All that effort had its result this Monday. The Court of the Contentious-Administrative number 1 of Ceuta paralyzed the return of nine Moroccan minors who were to be returned between Monday and Tuesday. According to the order, the returns of children and adolescents without procedure, as the judge says they were occurring, violate the law. The paralysis of this group of returns resulted in the temporary suspension of the returns, which is maintained until now.
This Friday, the State Attorney’s Office has supported before the court in Ceuta the legality of proceeding with the return of the minors to Morocco through the 2007 Agreement signed with Rabat due to the “exceptional situation” that the Spanish city is experiencing after the migratory crisis in May. In his brief of allegations, to which Europa Press has had access, the State Attorney sees defects of form in the appeal filed by two NGOs in the courts of Ceuta that paralyzed the repatriation of a group of minors.
Amaia Ochoa from Guipuzcoa, a 25-year-old philologist and student of a master’s degree in Migration, arrived in the city at the end of July and is part of the team of four volunteers of No Name Kitchen currently deployed in Ceuta, where they carry out, among others, a work of “accompaniment” and advice to minors and adults who are in a street situation.
“In the street there is much more tension since the returns began: it always exists, because migrants are aware of their situation and that something would happen, but not so soon,” she describes the change perceived during the last few days. “We are also seeing that the National Police milkmaids are maintaining a much greater presence in the areas where the kids are, although the agents sometimes don’t even get out of the vehicles, but they are there, I don’t know if it’s to give fear or generate insecurity,” he adds.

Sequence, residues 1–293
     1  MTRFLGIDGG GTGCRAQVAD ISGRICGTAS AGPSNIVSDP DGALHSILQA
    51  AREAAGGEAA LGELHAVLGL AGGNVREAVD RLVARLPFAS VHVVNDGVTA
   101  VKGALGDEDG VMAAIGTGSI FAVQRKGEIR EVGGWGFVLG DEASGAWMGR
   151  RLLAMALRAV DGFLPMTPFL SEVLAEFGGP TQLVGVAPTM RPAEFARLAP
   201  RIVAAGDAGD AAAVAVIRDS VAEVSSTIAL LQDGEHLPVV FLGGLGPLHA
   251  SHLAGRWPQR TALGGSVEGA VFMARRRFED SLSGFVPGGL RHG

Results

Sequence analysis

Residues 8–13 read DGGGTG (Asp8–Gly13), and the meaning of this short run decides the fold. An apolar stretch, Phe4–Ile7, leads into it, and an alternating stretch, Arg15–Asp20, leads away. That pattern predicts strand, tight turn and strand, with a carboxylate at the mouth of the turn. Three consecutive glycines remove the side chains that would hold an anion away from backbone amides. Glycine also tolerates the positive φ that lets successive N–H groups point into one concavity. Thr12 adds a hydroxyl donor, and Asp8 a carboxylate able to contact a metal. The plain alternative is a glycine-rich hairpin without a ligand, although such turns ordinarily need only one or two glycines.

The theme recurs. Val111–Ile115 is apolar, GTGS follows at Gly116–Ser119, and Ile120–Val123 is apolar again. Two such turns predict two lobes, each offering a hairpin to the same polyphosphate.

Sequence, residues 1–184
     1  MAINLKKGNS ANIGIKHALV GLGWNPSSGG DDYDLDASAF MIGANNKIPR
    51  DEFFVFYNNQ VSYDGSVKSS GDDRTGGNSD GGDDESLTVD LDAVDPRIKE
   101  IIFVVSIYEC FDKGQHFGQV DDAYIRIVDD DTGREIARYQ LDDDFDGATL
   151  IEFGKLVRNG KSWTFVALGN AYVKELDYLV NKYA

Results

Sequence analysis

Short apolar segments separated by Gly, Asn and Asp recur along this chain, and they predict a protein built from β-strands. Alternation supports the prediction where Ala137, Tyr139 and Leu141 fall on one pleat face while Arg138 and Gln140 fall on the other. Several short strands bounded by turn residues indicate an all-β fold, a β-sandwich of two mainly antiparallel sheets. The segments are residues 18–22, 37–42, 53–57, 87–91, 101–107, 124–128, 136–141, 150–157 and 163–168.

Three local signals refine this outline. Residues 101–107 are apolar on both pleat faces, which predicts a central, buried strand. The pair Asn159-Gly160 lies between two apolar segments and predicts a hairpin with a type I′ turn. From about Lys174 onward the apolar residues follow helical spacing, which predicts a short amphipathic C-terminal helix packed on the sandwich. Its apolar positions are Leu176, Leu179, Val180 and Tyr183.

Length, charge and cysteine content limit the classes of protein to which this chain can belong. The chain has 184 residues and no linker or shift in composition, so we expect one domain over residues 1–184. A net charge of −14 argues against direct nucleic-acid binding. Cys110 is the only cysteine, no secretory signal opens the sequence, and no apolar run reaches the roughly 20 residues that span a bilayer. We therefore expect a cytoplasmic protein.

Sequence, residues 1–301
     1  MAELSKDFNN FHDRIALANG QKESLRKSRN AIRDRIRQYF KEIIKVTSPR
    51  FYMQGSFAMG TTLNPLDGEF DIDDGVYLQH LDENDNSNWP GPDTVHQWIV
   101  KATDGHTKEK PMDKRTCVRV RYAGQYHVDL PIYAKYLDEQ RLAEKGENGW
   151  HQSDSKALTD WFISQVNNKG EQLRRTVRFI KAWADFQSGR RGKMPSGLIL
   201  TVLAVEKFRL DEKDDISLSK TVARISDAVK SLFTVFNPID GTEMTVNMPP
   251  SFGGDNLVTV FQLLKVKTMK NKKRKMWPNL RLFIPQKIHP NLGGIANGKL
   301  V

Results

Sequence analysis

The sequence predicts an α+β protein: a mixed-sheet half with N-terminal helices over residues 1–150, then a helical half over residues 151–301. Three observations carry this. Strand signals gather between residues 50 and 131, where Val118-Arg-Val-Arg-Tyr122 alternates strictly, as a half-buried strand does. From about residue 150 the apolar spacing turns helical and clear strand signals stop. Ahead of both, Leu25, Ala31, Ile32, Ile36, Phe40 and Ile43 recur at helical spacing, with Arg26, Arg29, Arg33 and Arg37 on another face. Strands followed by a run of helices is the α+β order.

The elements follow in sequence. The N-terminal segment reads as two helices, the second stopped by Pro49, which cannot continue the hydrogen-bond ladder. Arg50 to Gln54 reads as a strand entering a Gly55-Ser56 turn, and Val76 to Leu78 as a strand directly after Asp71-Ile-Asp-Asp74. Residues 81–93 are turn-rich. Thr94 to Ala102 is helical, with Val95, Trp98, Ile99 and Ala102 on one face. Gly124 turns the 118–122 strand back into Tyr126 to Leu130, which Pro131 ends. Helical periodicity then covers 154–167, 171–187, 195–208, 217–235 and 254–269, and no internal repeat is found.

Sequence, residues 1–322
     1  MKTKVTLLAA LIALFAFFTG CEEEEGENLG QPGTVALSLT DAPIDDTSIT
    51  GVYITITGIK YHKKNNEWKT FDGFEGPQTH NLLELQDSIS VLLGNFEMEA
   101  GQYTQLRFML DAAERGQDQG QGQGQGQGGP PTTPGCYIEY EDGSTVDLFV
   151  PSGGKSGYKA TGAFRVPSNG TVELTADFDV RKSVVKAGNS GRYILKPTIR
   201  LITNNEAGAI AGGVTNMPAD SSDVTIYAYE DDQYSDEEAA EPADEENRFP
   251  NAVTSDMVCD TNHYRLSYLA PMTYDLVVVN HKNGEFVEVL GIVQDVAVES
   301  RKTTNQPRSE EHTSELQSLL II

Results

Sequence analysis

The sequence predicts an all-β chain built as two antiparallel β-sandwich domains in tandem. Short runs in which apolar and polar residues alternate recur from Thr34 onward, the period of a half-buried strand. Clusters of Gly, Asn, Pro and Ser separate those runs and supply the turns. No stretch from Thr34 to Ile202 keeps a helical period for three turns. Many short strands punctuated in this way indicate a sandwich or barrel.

Millán, who has been in direct contact with the minors who arrived in Ceuta in May, describes how the process is affecting the kids. “The minors told us that they couldn’t sleep well, that any noise they heard they thought it was the police coming to look for them… Many of those who have escaped from their homes in Ceuta are now in a state of insecurity.The same state of alert is maintained in Santa Amelia and Piniers – two temporary shelters – despite the fact that there is no institutional team working with the minors on the street, apart from independent associations with volunteers who play a role that corresponds to the administration,” he says.